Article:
“It’s very important to keep creative fresh,” she said. “Average consumers spend around four hours a week on Facebook and if you’re showing those ads to them repeatedly they will experience a form of ad blindness meaning they are less likely to click on your ad.”
Moving to the Facebook page, she said that maintaining the corporate look across the social networking site was often effective, while offering a loyal fanbase Facebook-specific promotions could be a very useful way to reward them.
Adjusting spend and messaging across different online channels was a priority. Consumers exposed to social media were 50% more likely to click on search ads, for example, while social media and search engines gave a higher conversion rate than social media alone. Marin Software’s tools allowed companies to work out which paths consumers have taken when buying.
Citing the case study of a multichannel retailer who wanted to drive traffic both to the store and to buy online, Momberg pointed to the use of promotional ads targeted to women in the core demographic. A social discount coupon was issued to fans who ‘liked’ the brand, that could only be used in the store. The online fanbase increased as a result and an increase in traffic to bricks and mortar stores was also found.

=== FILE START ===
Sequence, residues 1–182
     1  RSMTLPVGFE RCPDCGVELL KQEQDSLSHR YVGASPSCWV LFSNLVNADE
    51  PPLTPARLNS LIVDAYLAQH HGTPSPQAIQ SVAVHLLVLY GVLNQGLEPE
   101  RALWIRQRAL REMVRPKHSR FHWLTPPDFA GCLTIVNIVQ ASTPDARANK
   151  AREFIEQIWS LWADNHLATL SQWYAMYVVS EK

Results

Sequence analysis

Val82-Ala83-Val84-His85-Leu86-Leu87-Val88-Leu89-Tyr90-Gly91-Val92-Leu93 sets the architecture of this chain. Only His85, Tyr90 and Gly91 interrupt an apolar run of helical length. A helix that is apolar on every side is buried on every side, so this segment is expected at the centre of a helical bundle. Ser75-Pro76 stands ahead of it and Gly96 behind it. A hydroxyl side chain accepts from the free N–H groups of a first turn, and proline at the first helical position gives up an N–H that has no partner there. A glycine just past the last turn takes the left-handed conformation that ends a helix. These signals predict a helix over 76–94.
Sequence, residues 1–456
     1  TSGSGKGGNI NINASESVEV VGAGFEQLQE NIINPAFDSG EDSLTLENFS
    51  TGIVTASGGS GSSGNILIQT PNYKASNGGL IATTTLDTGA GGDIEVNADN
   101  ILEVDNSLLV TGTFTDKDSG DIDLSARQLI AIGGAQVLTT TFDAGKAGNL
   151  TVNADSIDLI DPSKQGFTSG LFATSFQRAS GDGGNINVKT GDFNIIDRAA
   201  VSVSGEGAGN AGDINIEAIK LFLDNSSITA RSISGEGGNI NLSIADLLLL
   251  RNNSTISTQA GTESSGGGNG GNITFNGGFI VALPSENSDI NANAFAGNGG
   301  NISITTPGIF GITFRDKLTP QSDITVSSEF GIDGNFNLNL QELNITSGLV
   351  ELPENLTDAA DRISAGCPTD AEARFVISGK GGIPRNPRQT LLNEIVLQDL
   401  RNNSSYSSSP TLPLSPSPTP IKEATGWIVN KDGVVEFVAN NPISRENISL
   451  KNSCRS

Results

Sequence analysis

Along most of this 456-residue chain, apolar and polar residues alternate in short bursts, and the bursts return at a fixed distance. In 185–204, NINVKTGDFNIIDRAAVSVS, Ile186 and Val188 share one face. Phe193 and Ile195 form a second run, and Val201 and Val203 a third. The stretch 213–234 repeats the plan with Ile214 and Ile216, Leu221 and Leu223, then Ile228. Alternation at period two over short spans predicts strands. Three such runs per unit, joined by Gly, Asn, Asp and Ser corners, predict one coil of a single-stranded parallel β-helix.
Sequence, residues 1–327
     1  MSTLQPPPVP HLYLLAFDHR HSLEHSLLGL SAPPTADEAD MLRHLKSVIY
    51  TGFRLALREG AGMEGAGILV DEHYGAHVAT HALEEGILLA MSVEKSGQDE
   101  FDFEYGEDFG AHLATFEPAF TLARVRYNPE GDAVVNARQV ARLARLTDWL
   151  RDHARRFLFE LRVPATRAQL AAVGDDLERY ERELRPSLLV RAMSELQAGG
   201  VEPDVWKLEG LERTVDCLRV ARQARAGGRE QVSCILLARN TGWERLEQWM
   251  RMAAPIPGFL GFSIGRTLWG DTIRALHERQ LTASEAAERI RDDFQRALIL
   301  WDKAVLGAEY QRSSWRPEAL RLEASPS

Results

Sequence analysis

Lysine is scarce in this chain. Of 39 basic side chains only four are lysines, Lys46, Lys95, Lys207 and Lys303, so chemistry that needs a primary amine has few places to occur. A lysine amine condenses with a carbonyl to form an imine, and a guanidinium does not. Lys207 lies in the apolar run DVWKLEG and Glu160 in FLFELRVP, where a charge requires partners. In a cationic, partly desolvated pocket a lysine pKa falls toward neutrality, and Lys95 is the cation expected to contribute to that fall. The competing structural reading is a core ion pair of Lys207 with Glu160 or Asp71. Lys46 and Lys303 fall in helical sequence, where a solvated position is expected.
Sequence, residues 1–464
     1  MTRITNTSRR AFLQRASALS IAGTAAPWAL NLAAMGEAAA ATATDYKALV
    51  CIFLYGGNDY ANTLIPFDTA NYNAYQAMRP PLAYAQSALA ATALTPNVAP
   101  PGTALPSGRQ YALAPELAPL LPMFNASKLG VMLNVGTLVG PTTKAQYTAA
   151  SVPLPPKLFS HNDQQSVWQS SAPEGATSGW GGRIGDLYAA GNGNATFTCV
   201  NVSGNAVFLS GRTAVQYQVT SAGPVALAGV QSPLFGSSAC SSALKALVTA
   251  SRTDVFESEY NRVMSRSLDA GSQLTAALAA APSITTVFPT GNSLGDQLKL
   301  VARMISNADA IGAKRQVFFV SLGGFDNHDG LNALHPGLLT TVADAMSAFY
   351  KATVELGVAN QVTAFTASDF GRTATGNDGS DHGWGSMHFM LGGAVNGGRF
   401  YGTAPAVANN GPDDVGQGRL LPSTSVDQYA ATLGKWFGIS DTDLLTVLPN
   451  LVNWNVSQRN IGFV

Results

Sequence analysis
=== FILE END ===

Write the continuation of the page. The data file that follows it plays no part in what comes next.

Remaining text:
Another client, Path Interactive, was looking to build a fan base for remarketing, but found that too much time was being spent calculating and adjusting Facebook bids manually. Using Marin Software’s tools the company saw click-through rates increase by up to 35% while cost-per-like fell by 30% and time spent on reporting fell by 20%.
Phil Clayton, of Facebook’s business solutions, then took a look at how the online world – including retailers – were now organizing around people in what he termed an ‘era of discovery’. Amazon, for example, shows shoppers what other items were bought by people who bought their products. The rise of Groupon was built on using people power to negotiate better deals.
“Facebook is all about people,” he said. It’s authentic, real identities connecting with various different things that they are interested in and people they want to have connections with, whether that be brands, family or work colleagues.
“This provides us with a wealth of affinity data and experience data that we can really start drilling down into as to who these guys are, what would be relevant to them and what they’re most likely to want to engage with.”